[oshug] OSHUG 55 (more talks!)

Andrew Back andrew at abopen.com
Sun Feb 5 09:16:27 UTC 2017


Fifth and sixth talks added to the programme for the February meeting,
details of which can be found below.




— Deploying your FPGA toolchain consistently regardless of your
development environment

With an open source tool chain for an open hardware fpga, we're free to
work in the environment of our choice. What may differ between platforms
is how we put the components together, from requiring software
dependences to administrative commands needed to be executed in order to
build to software successfully.

pkgsrc is a cross platform packaging system which allows you to deploy
open source software consistently, regardless of the environment it is
operating on. This means should you desire to install the icestorm tool
chain, the steps required to build or install packages is the same
whether you're running a flavour of Linux, Mac OS or Windows.

This lightning talk will introduce pkgsrc and how you can get started
quickly with icestorm and other tools to help with your hardware project.

* Sevan Janiyan is founder of Venture 37, which provides system
administration & consultancy services. As a fan of operating systems and
computers with different CPU architectures, in his spare time he
maintains builds of open source software on a variety of systems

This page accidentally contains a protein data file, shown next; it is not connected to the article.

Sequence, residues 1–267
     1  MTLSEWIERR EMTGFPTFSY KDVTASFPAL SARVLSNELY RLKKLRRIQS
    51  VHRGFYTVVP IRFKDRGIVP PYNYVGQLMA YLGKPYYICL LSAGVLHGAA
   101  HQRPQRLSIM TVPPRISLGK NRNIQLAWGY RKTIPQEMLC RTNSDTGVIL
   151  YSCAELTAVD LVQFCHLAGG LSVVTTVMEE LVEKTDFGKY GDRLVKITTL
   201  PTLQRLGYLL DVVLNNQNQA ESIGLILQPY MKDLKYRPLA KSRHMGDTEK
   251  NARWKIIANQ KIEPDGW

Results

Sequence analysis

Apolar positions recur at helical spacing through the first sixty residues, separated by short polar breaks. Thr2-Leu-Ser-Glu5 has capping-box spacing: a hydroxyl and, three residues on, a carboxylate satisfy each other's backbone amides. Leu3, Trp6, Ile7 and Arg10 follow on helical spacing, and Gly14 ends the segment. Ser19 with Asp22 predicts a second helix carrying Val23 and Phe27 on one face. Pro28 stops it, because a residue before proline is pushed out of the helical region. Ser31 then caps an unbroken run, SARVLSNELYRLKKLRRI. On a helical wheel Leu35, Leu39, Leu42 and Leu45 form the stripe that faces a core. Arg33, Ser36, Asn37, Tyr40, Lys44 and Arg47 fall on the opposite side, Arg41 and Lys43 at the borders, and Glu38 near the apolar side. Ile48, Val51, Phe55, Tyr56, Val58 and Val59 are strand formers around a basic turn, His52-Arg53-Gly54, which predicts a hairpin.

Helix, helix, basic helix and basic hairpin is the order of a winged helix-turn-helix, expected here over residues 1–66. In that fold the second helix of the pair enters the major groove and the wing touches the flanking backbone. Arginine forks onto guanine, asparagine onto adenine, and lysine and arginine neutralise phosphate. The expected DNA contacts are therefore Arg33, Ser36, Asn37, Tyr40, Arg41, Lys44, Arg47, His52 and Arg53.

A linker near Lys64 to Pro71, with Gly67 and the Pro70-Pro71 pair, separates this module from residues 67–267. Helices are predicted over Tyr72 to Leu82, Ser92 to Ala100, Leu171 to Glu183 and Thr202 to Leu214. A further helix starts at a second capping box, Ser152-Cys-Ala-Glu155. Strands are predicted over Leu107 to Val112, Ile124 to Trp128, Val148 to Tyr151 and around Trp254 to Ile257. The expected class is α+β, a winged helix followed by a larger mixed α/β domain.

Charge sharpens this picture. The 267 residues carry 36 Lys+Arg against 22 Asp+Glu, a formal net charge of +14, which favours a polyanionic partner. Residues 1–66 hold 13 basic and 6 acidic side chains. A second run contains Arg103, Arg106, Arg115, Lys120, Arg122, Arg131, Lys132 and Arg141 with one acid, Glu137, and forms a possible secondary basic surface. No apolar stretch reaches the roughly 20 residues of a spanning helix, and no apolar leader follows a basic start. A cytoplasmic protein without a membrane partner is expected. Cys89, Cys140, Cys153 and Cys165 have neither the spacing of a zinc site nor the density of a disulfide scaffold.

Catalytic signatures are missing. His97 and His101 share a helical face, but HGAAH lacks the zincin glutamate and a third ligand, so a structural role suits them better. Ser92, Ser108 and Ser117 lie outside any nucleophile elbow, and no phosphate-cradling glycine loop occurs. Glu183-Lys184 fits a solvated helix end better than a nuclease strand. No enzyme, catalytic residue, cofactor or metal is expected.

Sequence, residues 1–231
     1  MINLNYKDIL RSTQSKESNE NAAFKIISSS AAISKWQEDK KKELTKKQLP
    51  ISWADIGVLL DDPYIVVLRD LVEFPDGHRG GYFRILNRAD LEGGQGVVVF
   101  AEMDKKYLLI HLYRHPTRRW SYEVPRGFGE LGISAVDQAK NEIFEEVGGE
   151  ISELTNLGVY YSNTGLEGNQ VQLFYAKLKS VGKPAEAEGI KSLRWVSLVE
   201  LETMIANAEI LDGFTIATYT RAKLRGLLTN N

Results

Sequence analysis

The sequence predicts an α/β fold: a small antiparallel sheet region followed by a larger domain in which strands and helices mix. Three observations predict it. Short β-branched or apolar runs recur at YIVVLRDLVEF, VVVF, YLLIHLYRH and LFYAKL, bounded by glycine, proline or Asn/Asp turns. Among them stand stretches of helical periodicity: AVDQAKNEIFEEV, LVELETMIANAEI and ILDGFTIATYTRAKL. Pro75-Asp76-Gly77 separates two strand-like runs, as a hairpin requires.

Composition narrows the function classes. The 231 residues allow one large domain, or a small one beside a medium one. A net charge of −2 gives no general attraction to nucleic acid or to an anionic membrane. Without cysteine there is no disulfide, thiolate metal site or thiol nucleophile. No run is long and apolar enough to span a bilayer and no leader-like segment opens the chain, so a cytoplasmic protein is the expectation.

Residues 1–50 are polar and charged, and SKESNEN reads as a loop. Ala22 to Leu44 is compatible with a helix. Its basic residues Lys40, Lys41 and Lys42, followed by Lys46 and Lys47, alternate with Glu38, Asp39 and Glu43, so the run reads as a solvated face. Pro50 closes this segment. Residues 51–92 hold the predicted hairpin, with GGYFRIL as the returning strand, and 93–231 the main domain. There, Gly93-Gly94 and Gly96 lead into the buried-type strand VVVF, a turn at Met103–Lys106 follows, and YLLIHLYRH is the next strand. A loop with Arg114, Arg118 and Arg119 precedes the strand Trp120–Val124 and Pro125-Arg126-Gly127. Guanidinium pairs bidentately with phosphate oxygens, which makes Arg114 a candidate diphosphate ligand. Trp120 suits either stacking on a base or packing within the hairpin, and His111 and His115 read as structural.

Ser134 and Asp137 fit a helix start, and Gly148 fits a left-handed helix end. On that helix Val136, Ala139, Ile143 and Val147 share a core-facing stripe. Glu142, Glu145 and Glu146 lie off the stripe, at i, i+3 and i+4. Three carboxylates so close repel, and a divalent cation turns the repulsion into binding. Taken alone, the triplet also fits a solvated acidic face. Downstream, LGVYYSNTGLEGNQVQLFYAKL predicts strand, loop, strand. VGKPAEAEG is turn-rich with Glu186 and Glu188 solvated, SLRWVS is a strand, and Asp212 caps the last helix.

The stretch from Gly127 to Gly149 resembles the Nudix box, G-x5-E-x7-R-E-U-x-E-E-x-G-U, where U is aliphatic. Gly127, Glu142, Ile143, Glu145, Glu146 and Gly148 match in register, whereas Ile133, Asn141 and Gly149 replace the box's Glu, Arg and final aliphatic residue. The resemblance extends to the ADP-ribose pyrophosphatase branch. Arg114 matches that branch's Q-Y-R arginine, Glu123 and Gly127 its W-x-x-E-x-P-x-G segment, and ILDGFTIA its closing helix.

featuring PowerPC, SPARC and armv7l CPUs. He hopes to own a NeXTcube &
OMRON LUNA-88K2 one day.

— Multicore Made Simple - Conducting a Chorus of Cores on an FPGA

FPGA technology makes it simple to build a multicore CPU, by
instantiating multiple copies of a soft processor design on a single
chip. The challenge is to connect and coordinate the cores into a
resource which is useful for application programming. While traditional
multicore processors include shared memory, shared buses and/or general
communications networks, all of these are costly in hardware resources
and complexity, and subtle details of synchronization and cache
coherency can make programming difficult and risky. Building our own
system on an FPGA, we can choose a minimalist “shared nothing”
architecture, with only local memories and simple synchronous point to
point communications links in a topology tailored to the application. As
an example of this approach, I’ll demonstrate a 40 voice (plus
conductor) polyphonic digital audio synthesizer, running on an array of
41 Nios2 cores on an Altera Cyclone II.

* Dr Richard Miller has had a long career in the borderlands between
hardware and software, in academia and industry and now as an
independent consultant. Particular interests have been operating systems
portability (starting in 1977 with the world’s first UNIX port, from
PDP/11 to Interdata 7/32 at the University of Wollongong; and most
recently porting the Plan 9 OS to the Raspberry Pi); programming
language implementations in constrained environments (e.g. a LOGO
interpreter on a 48KB Apple II; and a JavaCard JVM and runtime library
on a smartcard with a 8KB of RAM and 1MB of flash); parallel computing
infrastructure (on hardware ranging from Transputers to the Cray T3D);
and embedded systems firmware (e.g. a complete Bluetooth stack for a
range of prototype phones and tablets). Current work in progress
includes building a communications network on an FPGA, for a
microcluster of Raspberry Pi Zeroes.


Andrew Back

More information about the oshug mailing list